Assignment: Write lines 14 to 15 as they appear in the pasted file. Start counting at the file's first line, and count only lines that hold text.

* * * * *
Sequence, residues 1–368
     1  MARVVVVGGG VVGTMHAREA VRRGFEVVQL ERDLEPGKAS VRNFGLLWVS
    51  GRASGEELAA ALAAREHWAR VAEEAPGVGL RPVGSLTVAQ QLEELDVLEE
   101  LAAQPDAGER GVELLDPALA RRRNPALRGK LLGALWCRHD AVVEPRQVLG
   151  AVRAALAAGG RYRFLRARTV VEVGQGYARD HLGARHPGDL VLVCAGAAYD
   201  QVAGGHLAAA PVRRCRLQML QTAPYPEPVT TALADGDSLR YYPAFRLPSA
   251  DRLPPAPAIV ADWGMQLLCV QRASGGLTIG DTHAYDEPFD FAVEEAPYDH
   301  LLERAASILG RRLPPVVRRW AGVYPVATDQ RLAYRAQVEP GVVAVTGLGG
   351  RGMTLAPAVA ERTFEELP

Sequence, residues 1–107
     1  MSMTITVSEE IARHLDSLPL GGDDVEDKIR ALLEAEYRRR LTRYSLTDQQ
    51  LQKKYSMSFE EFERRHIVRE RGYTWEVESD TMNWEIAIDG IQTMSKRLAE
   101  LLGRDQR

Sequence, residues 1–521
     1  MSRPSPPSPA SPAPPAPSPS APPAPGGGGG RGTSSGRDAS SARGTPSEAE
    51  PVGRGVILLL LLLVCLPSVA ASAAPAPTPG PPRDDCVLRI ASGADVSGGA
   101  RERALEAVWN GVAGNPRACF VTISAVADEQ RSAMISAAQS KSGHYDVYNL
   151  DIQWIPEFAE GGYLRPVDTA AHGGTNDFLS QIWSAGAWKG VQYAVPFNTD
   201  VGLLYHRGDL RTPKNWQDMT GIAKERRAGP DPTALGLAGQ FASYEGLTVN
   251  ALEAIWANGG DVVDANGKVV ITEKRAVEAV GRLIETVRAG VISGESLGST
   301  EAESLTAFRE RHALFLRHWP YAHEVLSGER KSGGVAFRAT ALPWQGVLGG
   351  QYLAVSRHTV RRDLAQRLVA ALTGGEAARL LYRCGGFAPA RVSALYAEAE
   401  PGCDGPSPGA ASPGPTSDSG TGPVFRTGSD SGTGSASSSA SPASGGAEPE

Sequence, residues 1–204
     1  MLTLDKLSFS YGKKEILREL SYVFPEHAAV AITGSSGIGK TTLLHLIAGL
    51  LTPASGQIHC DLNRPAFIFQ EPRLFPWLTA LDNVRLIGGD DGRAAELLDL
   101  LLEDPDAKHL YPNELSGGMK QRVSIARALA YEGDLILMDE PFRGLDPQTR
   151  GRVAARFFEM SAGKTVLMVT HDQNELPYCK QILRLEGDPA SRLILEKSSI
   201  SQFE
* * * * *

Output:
Sequence, residues 1–521
     1  MSRPSPPSPA SPAPPAPSPS APPAPGGGGG RGTSSGRDAS SARGTPSEAE